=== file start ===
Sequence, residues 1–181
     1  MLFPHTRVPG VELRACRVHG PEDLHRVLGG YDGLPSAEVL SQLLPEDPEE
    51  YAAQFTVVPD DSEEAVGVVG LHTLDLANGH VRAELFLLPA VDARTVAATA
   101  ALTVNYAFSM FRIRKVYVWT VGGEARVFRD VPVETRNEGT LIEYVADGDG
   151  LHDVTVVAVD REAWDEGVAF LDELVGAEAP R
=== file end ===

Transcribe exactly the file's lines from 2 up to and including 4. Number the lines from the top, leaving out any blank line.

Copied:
     1  MLFPHTRVPG VELRACRVHG PEDLHRVLGG YDGLPSAEVL SQLLPEDPEE
    51  YAAQFTVVPD DSEEAVGVVG LHTLDLANGH VRAELFLLPA VDARTVAATA
   101  ALTVNYAFSM FRIRKVYVWT VGGEARVFRD VPVETRNEGT LIEYVADGDG